You might want to say that none of it is true, and that the Tea Party is rife with pro-Israeli sentiment. Where the vast majority of Israelis thought that George Bush was a great friend of their nation, the vast majority today believe that Barack Obama sides with the Palestinians.
Again, these are mere facts. They do not carry weight when placed next to Krugman’s alternative universe.
Krugman is not entirely wrong to attack eliminationist rhetoric. It is alive and well in the world today. It is directed against Jews, especially Israelis, and even Christians. It infects and infests the Middle East Muslim world.
What do Palestinian terrorists really want if not the removal of all Jews from what they consider to be their land? By now Jews have been nearly completely removed from the rest of the Muslim Middle East.
Isn’t bin Laden‘s goal the return of Islam to Andalusia, thus to eliminate Catholics from the South of Spain?
It is fair to say that Islamic terrorists have not constructed gas chambers and crematory ovens. They want people to leave what they believe their lands, and it does not matter to many of them whether the Jews and Christians leave in caskets or boats.
But is also fair to say that Muslim terrorism has been exceptionally lethal, not just against Christians and Jews, abut against their fellow Muslims, especially when these Muslims seem to have aligned themselves with the enemy.
As you know, these same terrorists murdered thousands of people in lower Manhattan.
This caused Congress to authorize military action against terrorists and the nations that harbor them.
Led by George Bush, America and her allies went to war against those who were fomenting violence and who were using eliminationist rhetoric.
So, you need to ask yourself: Where did Paul Krugman stand on the eliminationist rhetoric flowing from mosques and madrassas? Was he a strong proponent of the war on terror, or did he, like the New York Times, militate against the Bush administration and defend the civil rights of terrorist enemy combatants.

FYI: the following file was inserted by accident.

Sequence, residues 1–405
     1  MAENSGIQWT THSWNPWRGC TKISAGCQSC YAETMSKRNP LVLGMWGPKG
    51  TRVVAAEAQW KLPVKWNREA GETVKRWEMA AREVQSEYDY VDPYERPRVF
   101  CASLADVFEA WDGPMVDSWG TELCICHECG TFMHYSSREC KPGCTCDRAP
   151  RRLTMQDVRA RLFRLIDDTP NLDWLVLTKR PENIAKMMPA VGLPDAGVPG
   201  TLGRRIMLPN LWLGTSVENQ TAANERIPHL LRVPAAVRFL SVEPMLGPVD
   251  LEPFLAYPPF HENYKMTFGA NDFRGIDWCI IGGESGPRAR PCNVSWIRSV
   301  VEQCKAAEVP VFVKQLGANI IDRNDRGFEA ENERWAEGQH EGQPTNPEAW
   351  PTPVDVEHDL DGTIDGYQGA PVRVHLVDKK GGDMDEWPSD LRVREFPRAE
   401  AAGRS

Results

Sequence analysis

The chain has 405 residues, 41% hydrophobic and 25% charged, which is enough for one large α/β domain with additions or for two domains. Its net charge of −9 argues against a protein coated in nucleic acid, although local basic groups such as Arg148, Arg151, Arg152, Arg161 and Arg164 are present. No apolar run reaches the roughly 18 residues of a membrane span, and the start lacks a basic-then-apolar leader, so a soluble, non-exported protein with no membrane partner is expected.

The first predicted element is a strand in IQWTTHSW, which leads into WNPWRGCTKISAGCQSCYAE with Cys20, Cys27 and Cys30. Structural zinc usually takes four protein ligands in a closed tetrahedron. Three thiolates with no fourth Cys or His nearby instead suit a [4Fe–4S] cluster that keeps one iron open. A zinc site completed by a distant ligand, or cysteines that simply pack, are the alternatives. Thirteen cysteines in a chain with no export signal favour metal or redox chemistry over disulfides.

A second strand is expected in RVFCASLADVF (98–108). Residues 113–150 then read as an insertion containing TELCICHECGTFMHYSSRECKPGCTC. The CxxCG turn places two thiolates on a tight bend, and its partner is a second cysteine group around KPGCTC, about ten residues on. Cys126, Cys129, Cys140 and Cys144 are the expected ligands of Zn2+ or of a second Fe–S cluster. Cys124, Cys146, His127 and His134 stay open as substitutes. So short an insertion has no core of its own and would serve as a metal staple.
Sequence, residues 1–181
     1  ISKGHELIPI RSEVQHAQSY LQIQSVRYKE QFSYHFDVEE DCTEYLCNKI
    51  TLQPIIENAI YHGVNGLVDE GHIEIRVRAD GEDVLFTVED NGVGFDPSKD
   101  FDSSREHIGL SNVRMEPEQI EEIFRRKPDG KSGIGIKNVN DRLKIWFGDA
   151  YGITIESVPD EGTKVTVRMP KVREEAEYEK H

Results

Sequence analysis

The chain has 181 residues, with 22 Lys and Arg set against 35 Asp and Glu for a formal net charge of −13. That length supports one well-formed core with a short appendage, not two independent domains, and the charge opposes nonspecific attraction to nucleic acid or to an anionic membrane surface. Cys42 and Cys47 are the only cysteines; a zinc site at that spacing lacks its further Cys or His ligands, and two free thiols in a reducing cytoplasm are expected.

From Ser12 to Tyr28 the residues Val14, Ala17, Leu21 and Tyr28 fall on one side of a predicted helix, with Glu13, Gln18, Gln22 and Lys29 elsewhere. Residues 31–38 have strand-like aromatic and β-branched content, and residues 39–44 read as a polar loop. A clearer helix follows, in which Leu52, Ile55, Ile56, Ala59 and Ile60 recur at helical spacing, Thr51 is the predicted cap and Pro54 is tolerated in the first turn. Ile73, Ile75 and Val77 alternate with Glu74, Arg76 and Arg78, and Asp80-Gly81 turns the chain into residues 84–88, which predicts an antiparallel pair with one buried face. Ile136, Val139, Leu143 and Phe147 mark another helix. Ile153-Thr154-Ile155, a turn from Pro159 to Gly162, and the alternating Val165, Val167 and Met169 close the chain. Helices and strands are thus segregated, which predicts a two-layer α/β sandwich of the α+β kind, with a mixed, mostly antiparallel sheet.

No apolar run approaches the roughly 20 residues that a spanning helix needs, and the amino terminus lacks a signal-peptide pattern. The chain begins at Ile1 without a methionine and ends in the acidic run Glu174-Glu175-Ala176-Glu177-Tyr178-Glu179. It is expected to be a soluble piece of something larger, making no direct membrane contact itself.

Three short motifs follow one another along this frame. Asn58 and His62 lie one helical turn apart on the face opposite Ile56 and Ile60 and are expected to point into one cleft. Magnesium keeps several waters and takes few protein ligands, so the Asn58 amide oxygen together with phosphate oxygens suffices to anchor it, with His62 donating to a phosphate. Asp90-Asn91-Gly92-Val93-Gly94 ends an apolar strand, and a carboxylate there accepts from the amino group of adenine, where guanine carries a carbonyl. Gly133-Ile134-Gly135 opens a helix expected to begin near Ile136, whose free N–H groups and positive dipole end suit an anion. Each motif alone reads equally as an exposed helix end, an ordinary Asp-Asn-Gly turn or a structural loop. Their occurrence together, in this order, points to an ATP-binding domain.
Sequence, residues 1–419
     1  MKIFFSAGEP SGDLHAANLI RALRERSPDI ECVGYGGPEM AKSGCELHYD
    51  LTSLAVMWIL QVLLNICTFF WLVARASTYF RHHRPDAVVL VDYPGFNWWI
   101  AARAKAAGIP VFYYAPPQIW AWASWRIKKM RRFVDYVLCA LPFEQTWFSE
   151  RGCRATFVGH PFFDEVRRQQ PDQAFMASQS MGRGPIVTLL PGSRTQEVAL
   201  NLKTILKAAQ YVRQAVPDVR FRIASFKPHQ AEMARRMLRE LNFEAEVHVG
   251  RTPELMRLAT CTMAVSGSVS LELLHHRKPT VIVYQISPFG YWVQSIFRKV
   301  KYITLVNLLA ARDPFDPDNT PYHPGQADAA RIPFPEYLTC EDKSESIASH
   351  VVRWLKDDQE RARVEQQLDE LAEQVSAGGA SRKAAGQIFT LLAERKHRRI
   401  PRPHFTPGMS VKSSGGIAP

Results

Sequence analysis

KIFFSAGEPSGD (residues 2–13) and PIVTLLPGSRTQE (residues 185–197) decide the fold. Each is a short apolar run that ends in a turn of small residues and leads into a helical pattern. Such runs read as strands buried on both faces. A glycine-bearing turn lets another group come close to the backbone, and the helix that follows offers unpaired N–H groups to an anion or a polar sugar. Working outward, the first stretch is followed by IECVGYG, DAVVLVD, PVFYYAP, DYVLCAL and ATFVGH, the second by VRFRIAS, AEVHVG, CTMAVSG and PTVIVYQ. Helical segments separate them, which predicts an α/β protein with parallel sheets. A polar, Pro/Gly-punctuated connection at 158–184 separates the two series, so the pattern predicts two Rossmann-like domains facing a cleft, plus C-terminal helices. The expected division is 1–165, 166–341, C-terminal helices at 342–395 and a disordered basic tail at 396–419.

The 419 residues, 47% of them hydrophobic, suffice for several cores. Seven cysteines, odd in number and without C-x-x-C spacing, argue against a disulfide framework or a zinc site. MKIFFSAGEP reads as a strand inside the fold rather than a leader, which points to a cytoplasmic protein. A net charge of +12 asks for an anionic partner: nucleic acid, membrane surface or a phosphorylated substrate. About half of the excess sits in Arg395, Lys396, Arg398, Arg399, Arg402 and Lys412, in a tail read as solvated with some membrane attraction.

Here’s Krugman Jan. 11, 2010. “I’ve always assumed that the wildly overblown right-wing reaction to Islamic terrorism — yes, these are scary people, but there are other much scarier things in the world — was essentially political. That is, I’ve always seen the war on terror as being in large part a war on liberals, a way to change the conversation away from things like competence in governing toward the undoubted conservative superiority at talking tough and striking heroic poses.”
Osama bin Laden is an honorary liberal? Mullah Omar is an honorary liberal? Saddam Hussein is an honorary liberal?
If there is a Neo-Nazi movement afoot, it is called Islamic terrorism. In that war, Paul Krugman is AWOL. Lacking the courage to confront real threats, he is doing what he accuses his enemies of doing: “talking tough and striking heroic poses.”
Krugman thinks that the Neo-Nazis who are coming for him, as a liberal, are Neocon Republicans. Rooted firmly in the past, he seems to believe that the Nazis are still the greatest danger.
The trouble with using the past as your guide to the future is that sometimes you get so caught up in it that you lose touch with reality.